There is no doubt dog exercise is critical to your dog’s mental and physical well being. In fact, lack of exercise is one of the biggest causes of dog behavior problems.
And if you live in a Sunbelt region as I do, summertime brings some very hot and humid temperatures that don’t foster a lot of extended outside exercise with your dog.
Many dog owners are limiting the number of walks and the length of walks because of the heat.
The big question
With so many puppies and young dogs needing a constructive outlet for their energy, the question of dog exercise surfaces once again. I’ve been asked numerous times lately to share some of my acceptable alternatives for exercising your dog indoors.
I’d like to share with you my list of alternative exercise plans that you can do that will exercise your dog, strengthen your bond with your dog, create some physical as well as mental fatigue.
Remember, like anything else only consistency and repetition work.
Interactive games with your dog
Tug of war and fetch come to mind. Both of these interactive games can burn a ton of predatory energy but you must play the games correctly and all games must have rules – especially tug of war. We’ll start with that game first.
You should be okay with tug of war and by that I mean – know that your dog will not get aggressive when playing. It’s not for every dog and certainly only adults should play this game with the family dog.
Having said that, here are the rules:
- Your dog needs to know “Sit!”, “Take it!” and “Drop it!”
- All interactive toys should be kept up and only played on your terms and timetable.
- Your dog should sit to start the game and end the game.
- The “Take it” command initiates the tug part and the “Drop it!” command releases the tug toy back to you to be put away until the next time.
- Any mouthing of human skin ends the game immediately.
So the sequence is: Sit, Take it, (game on) then Sit, Drop it, toy is put away until the next time. Be consistent with the rules, play as long as you want but make sure your dog’s excitement doesn’t escalate to aggression. Tug of war is not for all dogs. Know your dog.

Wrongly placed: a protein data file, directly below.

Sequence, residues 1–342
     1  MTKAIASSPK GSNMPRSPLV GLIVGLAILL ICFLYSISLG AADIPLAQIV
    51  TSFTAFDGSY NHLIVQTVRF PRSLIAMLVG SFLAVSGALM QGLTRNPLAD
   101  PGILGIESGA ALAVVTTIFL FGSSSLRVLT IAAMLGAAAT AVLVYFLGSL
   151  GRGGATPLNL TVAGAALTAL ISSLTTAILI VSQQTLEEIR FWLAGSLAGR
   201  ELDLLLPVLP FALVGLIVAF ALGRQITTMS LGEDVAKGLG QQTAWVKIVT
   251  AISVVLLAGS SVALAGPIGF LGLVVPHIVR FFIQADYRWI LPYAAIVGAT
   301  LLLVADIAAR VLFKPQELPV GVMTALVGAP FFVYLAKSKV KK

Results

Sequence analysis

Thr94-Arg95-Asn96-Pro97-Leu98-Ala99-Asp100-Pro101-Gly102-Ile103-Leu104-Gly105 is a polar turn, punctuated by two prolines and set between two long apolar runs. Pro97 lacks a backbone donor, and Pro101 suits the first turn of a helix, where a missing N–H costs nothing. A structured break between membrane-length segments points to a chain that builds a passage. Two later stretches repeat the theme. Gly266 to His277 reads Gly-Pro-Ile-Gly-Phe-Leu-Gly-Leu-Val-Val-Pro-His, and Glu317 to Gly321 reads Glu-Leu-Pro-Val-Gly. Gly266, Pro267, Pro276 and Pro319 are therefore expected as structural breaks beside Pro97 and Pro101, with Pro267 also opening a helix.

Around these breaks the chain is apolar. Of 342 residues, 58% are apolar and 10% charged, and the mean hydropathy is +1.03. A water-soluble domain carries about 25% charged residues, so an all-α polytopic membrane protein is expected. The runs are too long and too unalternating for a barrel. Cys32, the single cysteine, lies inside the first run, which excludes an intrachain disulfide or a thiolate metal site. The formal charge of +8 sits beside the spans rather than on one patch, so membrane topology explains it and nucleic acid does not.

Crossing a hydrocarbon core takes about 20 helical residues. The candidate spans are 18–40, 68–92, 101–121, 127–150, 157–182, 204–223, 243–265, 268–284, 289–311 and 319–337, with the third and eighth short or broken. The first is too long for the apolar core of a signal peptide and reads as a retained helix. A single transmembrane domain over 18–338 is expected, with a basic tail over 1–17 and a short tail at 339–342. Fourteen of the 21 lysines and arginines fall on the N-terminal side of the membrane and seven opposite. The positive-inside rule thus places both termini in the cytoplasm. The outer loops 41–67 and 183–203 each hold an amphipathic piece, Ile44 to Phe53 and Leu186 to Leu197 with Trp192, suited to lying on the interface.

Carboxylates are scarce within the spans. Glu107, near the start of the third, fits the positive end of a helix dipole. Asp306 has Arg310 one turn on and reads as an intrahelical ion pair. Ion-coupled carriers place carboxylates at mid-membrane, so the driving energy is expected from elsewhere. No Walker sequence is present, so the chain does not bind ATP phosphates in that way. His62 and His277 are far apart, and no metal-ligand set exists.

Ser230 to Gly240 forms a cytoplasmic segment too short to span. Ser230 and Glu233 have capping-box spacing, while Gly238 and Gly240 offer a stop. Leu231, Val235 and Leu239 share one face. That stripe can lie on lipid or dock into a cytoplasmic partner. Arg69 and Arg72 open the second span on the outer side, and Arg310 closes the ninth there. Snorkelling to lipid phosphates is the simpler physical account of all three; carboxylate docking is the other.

The game of fetch has been played as long as dogs have been companions but rules are rules. Rules can keep your dog on his game. The command sequence is much the same as with tug and it can be played indoors assuming there is room to run a bit: Sit, Fetch, Drop it/Give and sit again for the next retrieve.
To make the game a little more interesting, you could add a stay to the sit then release your dog to fetch the ball after it stops rolling.
Another variation of fetch with stairs would be to sit/stay your dog at the bottom of the stairs while you toss the ball down the stairs so that your dog fetches and returns the ball to you at the top of the stairs. He’ll be winded after a few times of this! His running direction is always up – not down.
Beyond basic obedience: Trick training
Easy motion tricks to teach are: spin right in a circle then spin left in a circle. Give it a try along with other tricks like roll over, shake or high-5, take a bow, back up and the list goes on. Trick training usually requires the basics so make sure you brush up on the basic obedience commands. Your dog can’t roll over unless he knows how to do a down on command.
Hunting for food is what your dog’s ancestor’s used to do but maybe your dog has turned into a clock watcher and knows exactly when dinner will be served up. Start giving him half his meal in his bowl and the other half is divided into small Dixie cups hidden around the house for your dog to find. If he’s an over-achiever, let him find his entire evening meal (and maybe those weekend meals too) by searching with his nose.
Speaking of food, go on-line with Google and search for doggie food dispensing toys. These toys provide a great way for your dog to exercise himself and his brain figuring out how to get food out of the different shaped toys. The difficulty of some toys can be increased with simple built in adjustments keeping him working at it longer.
Go onto You Tube and search “101 things to do with a cardboard box” (with your dog).
This is really cool. You need to be a little clicker savvy. Your dog will love trying to figure out how you want him to interact with the box in order to get the click which produces the food treat. It’s a thinking dog’s game.
No matter whether you pick and choose some of these ideas or eventually do them all, there is something for everyone and their dog. Keep your training fun and positive!
So, tell me below in the comments. What you think? Did you think the fix would be this easy and fun?